Text: S.Res.346 — 115th Congress (2017-2018)All Information (Except Text)

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Agreed to Senate (05/22/2018)

2d Session
S. RES. 346

Recognizing the importance and effectiveness of trauma-informed care.


December 1, 2017

Mr. Johnson (for himself, Ms. Heitkamp, Mr. Boozman, Ms. Baldwin, Ms. Warren, Mrs. Capito, Mr. Durbin, Mrs. Murray, and Mrs. Feinstein) submitted the following resolution; which was referred to the Committee on Health, Education, Labor, and Pensions

May 22, 2018

Committee discharged; considered and agreed to


Recognizing the importance and effectiveness of trauma-informed care.

    Whereas traumatic experiences affect millions of individuals in the United States and can affect the mental, emotional, physical, spiritual, economic, and social well-being of an individual;

    Whereas adverse childhood experiences (in this preamble referred to as “ACEs”) can be traumatizing and, if not recognized, can affect health across the lifespan of an individual and, in some cases, result in a shortened lifespan;

    Whereas ACEs are recognized as a proxy for toxic stress, which can affect brain development and can cause a lifetime of physical, mental, and social challenges;

    Whereas ACEs and trauma are determinants of public health problems in the United States such as obesity, addiction, and serious mental illness;

    Whereas trauma-informed care is an approach that can bring greater understanding and more effective ways to support and serve children, adults, families, and communities affected by trauma;

    Whereas trauma-informed care is not a therapy or an intervention, but a principle-based, culture-change process aimed at recognizing strengths and resiliency as well as helping people who have experienced trauma to overcome those issues in order to lead healthy and positive lives;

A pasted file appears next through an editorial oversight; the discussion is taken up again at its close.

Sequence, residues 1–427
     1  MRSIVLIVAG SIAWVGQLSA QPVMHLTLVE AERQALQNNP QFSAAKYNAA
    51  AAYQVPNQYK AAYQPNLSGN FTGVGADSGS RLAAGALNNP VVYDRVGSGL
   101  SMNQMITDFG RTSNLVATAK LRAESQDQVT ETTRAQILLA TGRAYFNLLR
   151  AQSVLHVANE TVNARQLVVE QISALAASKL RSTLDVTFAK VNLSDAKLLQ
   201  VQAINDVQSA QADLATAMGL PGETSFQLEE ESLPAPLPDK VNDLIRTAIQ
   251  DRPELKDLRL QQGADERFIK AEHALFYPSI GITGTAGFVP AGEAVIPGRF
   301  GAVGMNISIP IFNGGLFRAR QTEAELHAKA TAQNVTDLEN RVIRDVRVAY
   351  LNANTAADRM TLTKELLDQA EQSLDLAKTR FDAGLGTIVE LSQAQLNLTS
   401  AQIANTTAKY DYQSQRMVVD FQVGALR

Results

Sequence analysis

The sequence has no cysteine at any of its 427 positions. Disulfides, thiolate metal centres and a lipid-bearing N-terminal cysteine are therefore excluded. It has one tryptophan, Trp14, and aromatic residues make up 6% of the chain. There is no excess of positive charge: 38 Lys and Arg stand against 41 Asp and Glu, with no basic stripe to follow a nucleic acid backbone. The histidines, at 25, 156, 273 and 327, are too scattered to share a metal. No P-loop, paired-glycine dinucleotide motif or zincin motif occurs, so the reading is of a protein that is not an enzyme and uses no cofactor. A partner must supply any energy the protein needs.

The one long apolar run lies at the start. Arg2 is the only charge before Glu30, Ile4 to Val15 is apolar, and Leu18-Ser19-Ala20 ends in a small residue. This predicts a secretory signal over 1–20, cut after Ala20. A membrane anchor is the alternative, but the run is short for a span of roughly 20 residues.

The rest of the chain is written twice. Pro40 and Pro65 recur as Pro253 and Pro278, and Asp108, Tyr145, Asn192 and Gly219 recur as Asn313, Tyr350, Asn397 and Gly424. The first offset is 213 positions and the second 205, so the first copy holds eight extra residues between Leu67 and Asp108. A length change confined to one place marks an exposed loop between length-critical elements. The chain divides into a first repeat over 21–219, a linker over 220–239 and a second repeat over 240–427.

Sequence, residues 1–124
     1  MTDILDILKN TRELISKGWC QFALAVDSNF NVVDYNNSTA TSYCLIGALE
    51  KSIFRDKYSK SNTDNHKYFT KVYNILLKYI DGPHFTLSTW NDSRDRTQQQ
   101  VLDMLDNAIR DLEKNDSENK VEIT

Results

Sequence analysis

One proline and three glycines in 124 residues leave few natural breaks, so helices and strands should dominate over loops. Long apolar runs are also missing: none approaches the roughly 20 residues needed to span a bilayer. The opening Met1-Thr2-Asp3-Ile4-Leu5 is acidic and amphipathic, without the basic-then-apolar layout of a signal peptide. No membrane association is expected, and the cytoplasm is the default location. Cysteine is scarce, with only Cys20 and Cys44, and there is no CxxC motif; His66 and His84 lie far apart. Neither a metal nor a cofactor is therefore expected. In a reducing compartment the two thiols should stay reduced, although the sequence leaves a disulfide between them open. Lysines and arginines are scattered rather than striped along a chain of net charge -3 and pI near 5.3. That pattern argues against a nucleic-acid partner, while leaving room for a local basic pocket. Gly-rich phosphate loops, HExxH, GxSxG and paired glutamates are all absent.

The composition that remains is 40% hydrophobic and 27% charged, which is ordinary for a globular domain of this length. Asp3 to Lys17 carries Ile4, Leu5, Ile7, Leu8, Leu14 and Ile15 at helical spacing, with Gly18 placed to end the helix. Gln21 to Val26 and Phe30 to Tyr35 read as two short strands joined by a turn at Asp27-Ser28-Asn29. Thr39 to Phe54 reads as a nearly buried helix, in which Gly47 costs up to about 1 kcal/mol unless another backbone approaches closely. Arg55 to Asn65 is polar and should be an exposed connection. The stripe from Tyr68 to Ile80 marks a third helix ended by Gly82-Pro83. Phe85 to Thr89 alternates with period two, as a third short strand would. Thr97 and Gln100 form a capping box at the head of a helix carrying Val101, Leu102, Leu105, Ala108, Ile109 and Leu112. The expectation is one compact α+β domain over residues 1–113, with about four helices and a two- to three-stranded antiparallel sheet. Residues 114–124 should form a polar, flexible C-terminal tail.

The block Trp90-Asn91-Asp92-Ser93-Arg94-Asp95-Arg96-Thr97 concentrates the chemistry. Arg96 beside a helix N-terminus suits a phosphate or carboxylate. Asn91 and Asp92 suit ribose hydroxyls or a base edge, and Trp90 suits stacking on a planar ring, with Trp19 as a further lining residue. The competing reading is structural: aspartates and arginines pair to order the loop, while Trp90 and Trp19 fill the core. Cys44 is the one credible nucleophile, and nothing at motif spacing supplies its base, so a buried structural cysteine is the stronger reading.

Whereas adopting trauma-informed approaches in workplaces, communities, and government programs can aid in preventing mental, emotional, physical, and social issues for people impacted by toxic stress or trauma;

    Whereas trauma-informed care has been promoted and established in communities across the United States, including many different uses of trauma-informed care being utilized by various types of entities, such as—

    (1) the State of Wisconsin, which established Fostering Futures, a statewide initiative—

    (A) under which the State partnered with Indian tribes, State agencies, county governments, and nonprofit organizations to make Wisconsin the first trauma-informed State; and

    (B) the goal of which is to reduce toxic stress and improve life-long health and well-being for all Wisconsinites;

    (2) the Menominee Tribe in Wisconsin, which improved educational and public health outcomes by increasing understanding of historical trauma and childhood adversity and by developing culturally relevant, trauma-informed practices;

    (3) schools of medicine that provide critical trauma-informed care in Chicago, Illinois, including—

    (A) the University of Illinois at Chicago Comprehensive Assessment and Response Training System, which improves the quality of psychiatric services provided to youth in foster care; and

    (B) the University of Chicago Recovery and Empowerment After Community Trauma Program, which helps residents who are coping with community violence;